Connecticut's Civil War Monuments


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1 Monteith Drive
Farmington, CT

Dedicated: May 30, 1992
Type: Screen of five granite piers joined by frieze
Designer: Farmington Veterans Memorial Committee
Supplier: Northfield Granite Company
Height: 11', 6"

Historical Significance

VETERANS MEMORIAL, Farmington, is significant historically because it is a symbol of the honor and respect tendered by the Farmington community to its citizens who served in all military actions since earliest colonial times. The Civil War is prominently included in this roster.

Town leaders had long noted the absence in Farmington of any monuments memorializing World War I and World War II, and more recent military engagements. (For other Civil War monuments in the town, see SOLDIERS MONUMENT, Riverside Cemetery, and SOLDIERS MONUMENT, Unionville in Farmington.) To remedy the situation, a committee was formed in Spring 1991 to raise money and erect VETERANS MEMORIAL. More than $75,000 was promptly contributed by citizens and groups of all descriptions, and the monument was dedicated with suitable ceremony on Memorial Day the following year. T. John Crockett III delivered the oration.

Farmington sent 362 men to the Civil War, including 10 African Americans. Of these, four died and 60 were wounded. The names of the 64 casualties are incised in the second and third piers.

Artistic Significance

VETERANS MEMORIAL, Farmington, is significant artistically because it is an example of a contemporary memorial from the Barre, Vermont, industry, which is the last of the New England quarry areas to have the full manufacturing and finishing resources for production of monuments. In VETERANS MEMORIAL each of the five services is represented by a pier. The sculpted seal of a service is at the top of each pier, with incised lettering below. Seals and lettering were created by sandblasting, in accordance with standard practice of the late 20th century. The crowning frieze and cornice unite the piers to form a screen in a manner derived from classical architecture.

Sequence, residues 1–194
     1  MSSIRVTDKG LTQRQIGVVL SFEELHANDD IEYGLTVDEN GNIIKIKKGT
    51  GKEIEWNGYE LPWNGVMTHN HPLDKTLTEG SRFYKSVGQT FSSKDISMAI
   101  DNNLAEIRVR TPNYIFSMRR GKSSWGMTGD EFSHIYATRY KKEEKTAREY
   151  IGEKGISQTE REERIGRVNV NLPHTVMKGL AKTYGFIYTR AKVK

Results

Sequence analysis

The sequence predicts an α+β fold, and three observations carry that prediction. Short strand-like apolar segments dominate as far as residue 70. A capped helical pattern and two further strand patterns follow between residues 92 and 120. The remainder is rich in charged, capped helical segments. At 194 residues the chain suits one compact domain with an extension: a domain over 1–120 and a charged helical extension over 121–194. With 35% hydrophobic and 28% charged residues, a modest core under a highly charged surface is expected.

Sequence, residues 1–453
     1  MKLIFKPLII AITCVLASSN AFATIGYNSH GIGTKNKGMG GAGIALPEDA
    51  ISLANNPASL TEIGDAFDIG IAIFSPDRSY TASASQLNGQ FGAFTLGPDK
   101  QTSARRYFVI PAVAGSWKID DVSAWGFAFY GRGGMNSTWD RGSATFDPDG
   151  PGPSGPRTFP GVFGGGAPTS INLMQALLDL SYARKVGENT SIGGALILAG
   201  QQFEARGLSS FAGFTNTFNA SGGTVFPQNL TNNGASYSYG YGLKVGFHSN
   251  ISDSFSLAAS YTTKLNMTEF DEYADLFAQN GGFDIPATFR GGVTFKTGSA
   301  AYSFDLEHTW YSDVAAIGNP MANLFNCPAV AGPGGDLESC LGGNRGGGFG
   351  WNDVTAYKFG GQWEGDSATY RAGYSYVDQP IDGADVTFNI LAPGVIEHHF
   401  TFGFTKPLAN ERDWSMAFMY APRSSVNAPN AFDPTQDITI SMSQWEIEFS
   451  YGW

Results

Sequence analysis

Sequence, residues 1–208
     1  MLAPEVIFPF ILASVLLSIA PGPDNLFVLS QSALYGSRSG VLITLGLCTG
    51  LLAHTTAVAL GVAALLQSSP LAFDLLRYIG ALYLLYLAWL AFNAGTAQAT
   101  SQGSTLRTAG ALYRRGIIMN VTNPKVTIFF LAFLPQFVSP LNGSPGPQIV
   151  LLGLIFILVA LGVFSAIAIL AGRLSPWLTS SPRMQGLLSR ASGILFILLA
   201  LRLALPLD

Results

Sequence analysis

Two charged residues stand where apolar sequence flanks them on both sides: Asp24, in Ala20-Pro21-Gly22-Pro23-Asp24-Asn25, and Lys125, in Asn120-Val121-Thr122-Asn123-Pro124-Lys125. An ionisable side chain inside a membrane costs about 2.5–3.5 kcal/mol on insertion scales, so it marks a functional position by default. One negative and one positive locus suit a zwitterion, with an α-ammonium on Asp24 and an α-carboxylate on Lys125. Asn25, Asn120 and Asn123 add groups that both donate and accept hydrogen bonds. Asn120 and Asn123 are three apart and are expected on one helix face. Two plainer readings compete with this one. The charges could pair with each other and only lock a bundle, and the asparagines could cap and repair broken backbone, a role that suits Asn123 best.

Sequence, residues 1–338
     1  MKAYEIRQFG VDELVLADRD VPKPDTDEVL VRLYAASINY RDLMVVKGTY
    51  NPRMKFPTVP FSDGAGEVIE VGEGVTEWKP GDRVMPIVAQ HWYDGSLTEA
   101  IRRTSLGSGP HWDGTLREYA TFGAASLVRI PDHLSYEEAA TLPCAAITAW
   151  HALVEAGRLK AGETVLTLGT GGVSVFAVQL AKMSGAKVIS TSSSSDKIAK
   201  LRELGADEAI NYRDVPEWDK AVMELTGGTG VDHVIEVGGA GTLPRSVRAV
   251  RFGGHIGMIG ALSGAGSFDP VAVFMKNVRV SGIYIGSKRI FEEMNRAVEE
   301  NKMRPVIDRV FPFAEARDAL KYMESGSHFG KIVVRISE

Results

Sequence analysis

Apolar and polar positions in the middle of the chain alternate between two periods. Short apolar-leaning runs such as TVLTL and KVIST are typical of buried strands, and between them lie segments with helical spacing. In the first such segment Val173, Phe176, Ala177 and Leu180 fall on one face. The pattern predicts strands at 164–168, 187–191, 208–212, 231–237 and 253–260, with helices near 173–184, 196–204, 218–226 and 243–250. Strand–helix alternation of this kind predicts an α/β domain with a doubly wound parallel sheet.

The supplier, Northfield Granite Company of Northfield, Vermont, just outside Barre, had the stone quarried by Rock of Ages and processed and finished by specialty shops in the Barre area.


VETERANS MEMORIAL, Farmington, is a screen of five 20" x 12" light gray granite piers which support a classical frieze and cornice. It is dedicated to Farmington citizens who served in all United States military actions. (See also SOLDIERS AND SAILORS' MONUMENT, Stamford.) The monument stands in front of Farmington Town Hall, facing northwest. A small rounded concrete terrace with granite benches provides opportunity to study the monument.


Incised lettering in the frieze is ". DUTY . HONOR . COUNTRY .." Each of the five supporting piers represents a service in the armed forces. From the left (north) they are: Army, Marine Corps, Navy, Air Force, and Coast Guard, each named under its seal. Most lettering on the piers is a list of military engagements in which Farmington citizens have participated since earliest colonial times, starting with Suppression of the Pequots in 1637 and ending with Operation Desert Storm of 1991. In many cases, names of individuals are listed, including the 64 Civil War casualties.

The backs of the piers display the services' seals, but are otherwise plain. The monument is flanked by steel flagpoles.


T. John Crockett III, conversation, March 30, 1995.

David Di Felica, Northfield Granite Company, conversation, April 17, 1995.

Farmington Veterans Memorial. Farmington Room, Farmington Public Library.